Why OnDeck is being sold on the cheap

It would be too simplistic to say that the pandemic doomed OnDeck Capital, an online lender that announced an agreement Tuesday to sell itself for less than 10% of what its market value was in 2015.

Certainly the virus-induced recession was the near-term catalyst for the New York company’s deal to be sold to Enova International, another publicly traded online lender with a more diversified business model. OnDeck specializes in loans to businesses small enough and risky enough that banks generally are not interested in lending to them.

Those mom-and-pop-owned firms have been hammered by the ongoing recent downturn. At the end of June, 39.5% of OnDeck’s loans were at least 15 days past due, up from just 10.3% three months earlier. In May, the company temporarily stopped originating new loans.

But OnDeck’s troubles went deeper. The 14-year-old company struggled to meet the expectations that accompanied its 2014 initial public offering, recording $94.5 million in losses in its first two years as a public company. Cost-cutting eventually brought modest profitability, but investors were seeking margins more in line with those generated in the tech sector.

In 2018, OnDeck launched a new subsidiary that provided online lending capabilities to banks — a move that, if it panned out, could have justified a loftier stock price. OnDeck had gotten early momentum in this business through a partnership with JPMorgan Chase.

But further progress on bank partnerships was slow. A deal with PNC Financial Services in late 2018 was offset by JPMorgan’s decision to cut ties with OnDeck last year.

Before the sale announcement Tuesday, OnDeck was pursuing a bank charter, which would have lowered its funding costs and made it less susceptible to the periodic market disruptions that can make it difficult to operate a nonbank across economic cycles.

Enova Chief Executive David Fisher said during a conference call Tuesday that if the sale closes, the combined company will continue to explore the possibility of a bank charter. The two firms said that they expect the deal to close this year.

The price of the deal is $90 million, $8 million of which is to be paid in cash, with the remainder to be paid in Enova stock.

Fisher called OnDeck “highly complementary” to Enova, saying that both companies operate entirely online and have pioneered the use of analytics and data to make real-time loan decisions.

Enova plans to add the OnDeck brand, products and services to its existing array of consumer and small-business lending units. In the small-business realm, Enova operates as The Business Backer and Headway Capital, though neither of those brands is currently accepting new loan applications amid the COVID-19 outbreak.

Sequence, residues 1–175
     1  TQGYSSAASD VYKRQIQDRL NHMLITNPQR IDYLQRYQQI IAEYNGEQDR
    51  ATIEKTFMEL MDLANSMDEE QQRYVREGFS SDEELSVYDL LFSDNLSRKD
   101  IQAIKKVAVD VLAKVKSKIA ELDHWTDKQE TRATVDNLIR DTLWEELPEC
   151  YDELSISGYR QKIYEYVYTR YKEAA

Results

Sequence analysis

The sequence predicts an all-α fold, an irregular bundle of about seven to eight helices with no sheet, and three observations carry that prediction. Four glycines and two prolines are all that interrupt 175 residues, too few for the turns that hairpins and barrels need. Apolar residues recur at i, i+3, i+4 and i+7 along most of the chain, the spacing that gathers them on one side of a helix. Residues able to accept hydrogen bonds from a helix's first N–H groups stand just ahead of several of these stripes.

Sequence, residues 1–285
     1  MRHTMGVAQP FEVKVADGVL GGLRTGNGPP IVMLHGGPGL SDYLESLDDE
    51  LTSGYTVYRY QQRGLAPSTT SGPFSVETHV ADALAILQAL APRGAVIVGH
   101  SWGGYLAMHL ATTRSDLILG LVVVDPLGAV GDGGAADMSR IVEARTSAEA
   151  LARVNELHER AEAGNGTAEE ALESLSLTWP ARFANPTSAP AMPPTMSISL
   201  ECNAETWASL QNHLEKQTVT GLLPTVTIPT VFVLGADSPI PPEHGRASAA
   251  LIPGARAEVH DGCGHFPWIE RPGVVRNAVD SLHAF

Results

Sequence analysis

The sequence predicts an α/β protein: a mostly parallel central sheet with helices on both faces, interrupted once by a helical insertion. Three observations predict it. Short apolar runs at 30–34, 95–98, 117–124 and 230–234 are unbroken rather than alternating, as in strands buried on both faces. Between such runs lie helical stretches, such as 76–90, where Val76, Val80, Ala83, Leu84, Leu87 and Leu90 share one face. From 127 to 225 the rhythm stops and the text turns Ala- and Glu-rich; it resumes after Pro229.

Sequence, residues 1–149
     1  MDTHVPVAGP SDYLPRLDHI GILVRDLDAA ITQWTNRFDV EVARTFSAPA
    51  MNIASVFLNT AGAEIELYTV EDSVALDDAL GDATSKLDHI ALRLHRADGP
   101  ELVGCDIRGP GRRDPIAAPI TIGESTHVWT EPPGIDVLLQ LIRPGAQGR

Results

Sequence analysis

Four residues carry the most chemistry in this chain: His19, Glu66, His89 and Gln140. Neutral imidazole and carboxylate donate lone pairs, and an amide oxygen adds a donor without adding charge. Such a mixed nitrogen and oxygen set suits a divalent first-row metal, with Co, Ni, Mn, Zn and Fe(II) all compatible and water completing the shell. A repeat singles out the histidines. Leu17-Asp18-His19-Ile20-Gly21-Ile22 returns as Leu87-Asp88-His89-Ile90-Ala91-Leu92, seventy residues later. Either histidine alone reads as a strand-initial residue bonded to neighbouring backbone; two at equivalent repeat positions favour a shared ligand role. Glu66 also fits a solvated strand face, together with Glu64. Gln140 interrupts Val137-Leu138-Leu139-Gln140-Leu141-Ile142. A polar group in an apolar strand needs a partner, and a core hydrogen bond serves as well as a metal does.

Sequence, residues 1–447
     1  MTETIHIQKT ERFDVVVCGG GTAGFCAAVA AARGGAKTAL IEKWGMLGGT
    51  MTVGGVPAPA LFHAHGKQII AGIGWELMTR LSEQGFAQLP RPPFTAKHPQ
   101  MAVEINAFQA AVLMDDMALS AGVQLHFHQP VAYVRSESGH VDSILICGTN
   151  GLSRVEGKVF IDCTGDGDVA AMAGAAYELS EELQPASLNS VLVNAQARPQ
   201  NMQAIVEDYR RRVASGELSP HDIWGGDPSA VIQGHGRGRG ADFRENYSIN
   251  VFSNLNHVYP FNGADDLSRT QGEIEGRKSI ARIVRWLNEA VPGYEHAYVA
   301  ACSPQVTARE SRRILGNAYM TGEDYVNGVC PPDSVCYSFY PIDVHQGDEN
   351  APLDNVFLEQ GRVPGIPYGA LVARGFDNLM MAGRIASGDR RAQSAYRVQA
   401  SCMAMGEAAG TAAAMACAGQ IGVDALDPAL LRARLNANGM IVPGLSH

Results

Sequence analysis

Fisher acknowledged that there is a degree of overlap between its existing small-business loans and those offered by OnDeck. “But we did tend to tap into slightly different markets from time to time,” he said.

OnDeck CEO Noah Breslow will join Chicago-based Enova as vice chairman. As OnDeck’s creditors circled in recent months, he had been facing pressure to find an exit.

“Our mission at OnDeck has been to make lending easier for our small-business clients, and this opportunity delivers that promise on a larger scale,” Breslow said during the conference call Tuesday.

“Our analytics capabilities and advanced fraud detection will build upon Enova’s existing platform, and our investments to date in our next-generation technology infrastructure are a complement to Enova’s as well.”

In the consumer lending sphere, Enova offers payday loans under the CashNetUSA brand and personal loans as NetCredit. Consumer loans currently make up 84% of the company’s portfolio, which would fall to 39% once the OnDeck acquisition closes, according to Enova.

Fisher said that Enova believes that the competition in small-business lending is not as intense as it is in consumer lending. “And certainly from a regulatory standpoint, we think there’s significantly less regulatory risk and regulatory overhang than the consumer side,” he added.

Enova reported net income Tuesday of $48 million in the second quarter, up from $25 million in last year’s second quarter. The company indicated that government stimulus payments helped some borrowers keep up with loan payments but also said that it did not see any deterioration in loan performance in recent weeks even as some stimulus programs wound down.

OnDeck swung to a $2.1 million profit in the second quarter after a surge in its allowance for credit losses drove a $59 million net loss in the quarter that ended March 31.